Thursday, April 25, 2019

Ted Williams: American Cryonaut

I created this blog to help readers locate the final resting places of some of their favorite celebrities and to share some hopefully privileged information on the lives that they led.  This column however, will be a little different.  While Ted Williams' life is one worthy of being profiled, this is more a study of what happened after he died.  Parental guidance is suggested.

Williams was 83 years old when he passed on July 5, 2002.  His had been a life of service, both to his country during two wars and to the sport of baseball.  He was a left fielder with the Boston Red Sox from 1939 to 1960, where he had a .344 batting average, scored 521 home runs, and was a two-time recipient of the American League's Most Valuable Player Award.  Other accolades would follow him well into retirement.

By the 1990s, Williams was suffering from cardiomyopathy, a heart disease whose cause is frequently unknown.  During his final years, he'd receive a pacemaker, undergo open-heart surgery, and suffer a series of strokes before finally passing.

Ordinarily, that would have been the end of the story.  "The Splendid Splinter," one of many nicknames by which he was known, had left specific instructions in his will to be cremated and to have his ashes scattered in the Florida Keys.  Some years earlier however, his son John-Henry had gotten to know the staff members of the Alcor Life Extension Foundation (Alcor), a cryonics organization in Scottsdale, Arizona, and considered other final arrangements for his famous father.

Alcor was first established by Fred and Linda Chamberlain in 1972 in Riverside California.  It is a nonprofit human cryopreservation facility that offers its patients the chance at immortality.  Upon death, one is cryogenically frozen and preserved until such time in the future as the cause of death has been cured.  Patients have the option of having their entire bodies frozen or merely their heads (neuropreservation), a far more economical option.  Alcor theorizes that future nanotechnology will make recreating your body a rather simple, everyday task.  They point to the rise of modern 3-D printing technology as a sign of things to come. 

By 2002, Williams was terminal, spending his final hours in his home of Hernando, Florida.  An essay in Uncle John's Bathroom Reader describes what happened next.

"Even as Williams lay dying, a "standby team" dispatched by [Alcor] was at his bedside, waiting patiently for him to breathe his last. Within moments of his being declared dead at 8:49 a.m., the team sprang into action, pumping his body full of blood thinners and packing it in a body bag filled with dry ice for the trip to a nearby airport, where a chartered jet stood by to take it to Alcor headquarters in Scottsdale, Arizona."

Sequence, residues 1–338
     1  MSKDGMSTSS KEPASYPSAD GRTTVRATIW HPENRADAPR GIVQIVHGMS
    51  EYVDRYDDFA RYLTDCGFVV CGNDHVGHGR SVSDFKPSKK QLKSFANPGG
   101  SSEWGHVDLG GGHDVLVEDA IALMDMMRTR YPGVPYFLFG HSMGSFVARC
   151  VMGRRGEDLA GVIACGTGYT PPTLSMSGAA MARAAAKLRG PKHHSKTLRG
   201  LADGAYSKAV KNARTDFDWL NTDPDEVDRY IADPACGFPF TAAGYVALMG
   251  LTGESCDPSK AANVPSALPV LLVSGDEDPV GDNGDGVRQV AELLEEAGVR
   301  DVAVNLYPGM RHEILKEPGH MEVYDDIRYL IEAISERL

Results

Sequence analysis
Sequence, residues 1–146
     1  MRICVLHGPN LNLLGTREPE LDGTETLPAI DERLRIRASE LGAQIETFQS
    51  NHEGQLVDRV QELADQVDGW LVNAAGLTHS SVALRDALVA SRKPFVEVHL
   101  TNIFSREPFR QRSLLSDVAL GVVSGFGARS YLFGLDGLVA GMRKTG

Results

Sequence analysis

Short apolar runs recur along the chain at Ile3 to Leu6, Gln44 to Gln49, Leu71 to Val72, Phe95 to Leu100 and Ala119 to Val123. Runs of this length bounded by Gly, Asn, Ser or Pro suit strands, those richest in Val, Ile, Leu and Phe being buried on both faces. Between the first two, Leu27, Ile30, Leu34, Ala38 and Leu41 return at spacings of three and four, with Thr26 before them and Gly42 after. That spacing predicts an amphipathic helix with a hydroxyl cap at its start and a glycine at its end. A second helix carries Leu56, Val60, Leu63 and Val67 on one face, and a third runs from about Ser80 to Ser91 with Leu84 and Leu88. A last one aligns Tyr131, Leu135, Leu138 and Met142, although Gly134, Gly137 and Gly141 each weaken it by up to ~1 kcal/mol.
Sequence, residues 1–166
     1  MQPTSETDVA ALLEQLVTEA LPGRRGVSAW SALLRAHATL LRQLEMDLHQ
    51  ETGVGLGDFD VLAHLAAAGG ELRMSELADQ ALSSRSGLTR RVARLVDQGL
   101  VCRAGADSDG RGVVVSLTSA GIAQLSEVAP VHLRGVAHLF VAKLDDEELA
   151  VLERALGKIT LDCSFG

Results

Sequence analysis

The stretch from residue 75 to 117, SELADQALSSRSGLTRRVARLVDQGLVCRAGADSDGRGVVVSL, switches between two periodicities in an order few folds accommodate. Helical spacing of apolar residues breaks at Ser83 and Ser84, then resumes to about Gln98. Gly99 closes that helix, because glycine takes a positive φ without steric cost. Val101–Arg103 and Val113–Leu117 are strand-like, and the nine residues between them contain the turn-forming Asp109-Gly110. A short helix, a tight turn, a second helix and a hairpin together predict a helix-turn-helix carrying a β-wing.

Uncle John continues.  "By 11:30 p.m. Williams’s body was stretched out on the Alcor operating table. There, in a procedure lasting 37 minutes, a surgeon decapitated the corpse so that head and body could be frozen separately in “dewars,” high-tech steel thermoses filled with liquid nitrogen. Over the next several days, his head and body were slowly chilled to -320°F, and they’ve been floating in what Alcor calls “long-term storage” ever since. Williams’s head reportedly sits in a dewar on a shelf; the rest of his body floats in a much larger dewar several feet away."

An Alcor dewar.
All of this was news to Ted's oldest daughter, Bobby-Jo Ferrell.  In response to her outrage,  John-Henry produced what he called a "family pact," signed by himself, his younger sister Claudia, and allegedly by Ted.  Scribbled on a napkin, it was an agreement between the three to be put into biostasis upon their deaths. 

Bobby-Jo took her family to court, demanding that her father's wishes be honored.  The lawsuit contended that John-Henry had forged his father's signature, but laboratory analysis confirmed it was authentic.  Hmm.  I wonder how much a Ted Williams autographed biostasis agreement goes for. 

As John-Henry had power of attorney, he ultimately won in court.  But karma's a bitch, and he unexpectedly died himself on March 6, 2004.  Readers will be delighted to know that he has been reunited with his father, frozen in a dewar at Alcor.

The white chamber at bottom holds the world's first cryonaut,
frozen in 1976. 
The story brought Alcor into the national spotlight, something it had long been hoping for.  Today, more than 1,500 patients are interred at the facility.  Alcor will even preserve your pets for you.  They also offer tours of the facility.  In the summer of 2014, this blog did just that.

Alcor employs a unique variety of individuals, most of whom are future patients themselves.  The most eccentric of the group is Dr. Mike Perry, a man so devoted to science that, and here's where the parental guidance part comes in, he castrated     himself while still in college using only a razor blade.  Ouch!  Mike not only works for Alcor, but he lives there too.  He is also the founder of a pseudo cult known as the Futurists. Guaranteed, this is one cult where mass suicide will never be a thing.

Upon death, patients are hooked up to a cooling station like this in order to
preserve the body for transport to Alcor.
Wondering if your insurance will cover the costs of Alcor?  The short answer is yes and no.  Check with your provider.

Rest in, um, peace, Ted.

  • HBO produced a fascinating documentary on Ted Williams for their Legends and Legacies series.  Watch it in its entirety here.
  • Author Leigh Montville wrote the definitive Williams biography, Ted Williams: The Biography of an American Hero.  Check it out on Amazon.
  • Three days after Ted died, a tribute was held at Fenway Park.  View it in its entirety here.
  • Former Alcor employee Larry Johnson wrote a fascinating account of what goes on behind the doors at Alcor.  Read his book Frozen: My Journey Into The World of Cryonics, Deception and Death, available at Amazon.  Also, check out his interview with CBS News here.